Monday 29 February 2016

Suffering & Redemption

Address given at Templederry, St Mary's, Nenagh and Killodiernan on Sunday 28th February 2016, the 3rd Sunday of Lent, year C.

Over the last week or so I’ve been following two developing news stories.
They’re happening in faraway countries and aren’t likely to affect us much here in Ireland. It would be all too easy to ignore them, amidst all the media focus on our General Election, as well as all the other awful news from around the world. But for some reason I can’t get them out of my mind.

The 1st is the Zika virus epidemic in South and Central America. Doctors suspect it is causing the simultaneous surge in cases of infant microcephaly – babies born with abnormally small heads, who are likely to suffer a spectrum of life-long intellectual and physical disabilities. Last year at least 2,500 more babies than usual were born with this condition in Brazil alone, and numbers are growing rapidly across the region. Can you imagine what life will be like for these babies as they grow up? What anguish must it be for their parents, and for all the expectant mothers waiting to learn whether their baby is one affected?

The 2nd is Cyclone Winston in the South Pacific. It struck the islands of Fiji as the strongest ever category 5 storm a week ago. It has destroyed thousands of homes and killed at least 45 people, but we still don’t know the full impact because it has not yet been possible to contact some of the outlying islands. It will take years for this small country of around 850,000 souls to recover. That puts our winter storms and floods in the halfpenny place, doesn’t it?

The UN, governments and aid agencies around the world are springing into action to help these unfortunate people. We too must be ready to help if asked. In the meantime let us pray for them, that they may receive the help they need and feel Christ’s healing touch.

Why, oh why does God permit such suffering to occur? 
Surely, if God were both good and almighty he would eliminate suffering from his creation. But we know that suffering exists – there isn’t one of us who hasn’t personally suffered something, sometime, is there? Can it possibly be true that God is both good and almighty? This is what philosophers and theologians call ‘the problem of suffering’ or the ‘problem of pain’.

Jesus confronts this problem of suffering in today’s Gospel reading (Luke 13:1-9).
People tell him ‘about the Galileans whose blood Pilate mingled with their sacrifices’, and in response he reminds them of ‘those eighteen who were killed when the tower of Siloam fell on them’. We have very little clue just what these two events were about, but we can take it that they were two disasters that were part of the news of the day that people were talking about, much like the Zika virus epidemic and Cyclone Winston for us.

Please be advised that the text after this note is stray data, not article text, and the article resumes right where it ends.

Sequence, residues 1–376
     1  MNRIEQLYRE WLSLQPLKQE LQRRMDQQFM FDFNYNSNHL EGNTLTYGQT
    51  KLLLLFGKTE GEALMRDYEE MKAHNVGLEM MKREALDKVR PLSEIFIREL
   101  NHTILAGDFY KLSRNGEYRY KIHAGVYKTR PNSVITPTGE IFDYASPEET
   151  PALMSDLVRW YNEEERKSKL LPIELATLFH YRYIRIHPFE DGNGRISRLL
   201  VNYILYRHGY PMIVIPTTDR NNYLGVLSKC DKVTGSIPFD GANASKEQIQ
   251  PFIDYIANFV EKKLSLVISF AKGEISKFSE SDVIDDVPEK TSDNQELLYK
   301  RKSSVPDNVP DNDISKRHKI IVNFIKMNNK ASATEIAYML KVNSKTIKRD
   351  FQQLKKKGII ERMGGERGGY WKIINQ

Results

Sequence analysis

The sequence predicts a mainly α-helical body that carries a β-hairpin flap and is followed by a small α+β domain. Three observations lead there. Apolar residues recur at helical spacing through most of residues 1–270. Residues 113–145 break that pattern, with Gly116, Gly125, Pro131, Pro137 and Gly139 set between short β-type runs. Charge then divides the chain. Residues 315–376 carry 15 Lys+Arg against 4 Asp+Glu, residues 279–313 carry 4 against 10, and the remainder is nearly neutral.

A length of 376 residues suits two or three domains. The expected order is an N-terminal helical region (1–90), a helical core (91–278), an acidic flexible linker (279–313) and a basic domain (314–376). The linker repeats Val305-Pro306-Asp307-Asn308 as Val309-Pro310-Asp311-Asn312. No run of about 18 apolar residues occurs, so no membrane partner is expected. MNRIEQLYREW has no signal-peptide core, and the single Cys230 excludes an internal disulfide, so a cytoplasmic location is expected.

Jesus knows that many people, then as now, think that if bad things happen to people it must be because they are bad – God must be punishing them for sin, for breaking God’s law. So he asks rhetorically ‘Do you think that because these Galileans suffered in this way they were worse sinners than all other Galileans? Do you think that (the victims at Siloam) were worse offenders than all the others living in Jerusalem? 

No, I tell you’, says Jesus, answering his own question. Suffering and disasters are not punishments from a loving God. They are just the inevitable other side of the coin to the joy and delights of the wonderful life God has given us.

‘But unless you repent, you will all perish just as they did’, he continues. One thing we all know for sure is that we will die. But I don’t think Jesus is talking here about physical death – this perishing is a spiritual perishing - being and feeling far from God’s love. Jesus is repeating the central message of his ministry, his call to repentance. We sometimes have the wrong idea about repentance. It is not about going around with a long face carrying a corrosive burden of guilt saying ‘Oh woe is me!’ Rather repentance is about admitting to ourselves that the way we are living is wrong and determining to change ourselves for the better. A second thing we all should know is that we need to repent. If we repent, God who loves us forgives us, removes the burden of guilt and brings us close to him.

Jesus then tells the parable of the barren fig tree.
It’s a charming, earthy story, isn’t it? A fig tree planted in a vineyard is not producing fruit. The owner of the vineyard says to the gardener, “See here! For three years I have come looking for fruit on this fig tree, and still I find none. Cut it down! Why should it be wasting the soil?” The gardener replies, “Let it alone for one more year, until I dig round it and put manure on it. If it bears fruit next year, well and good; but if not, you can cut it down.”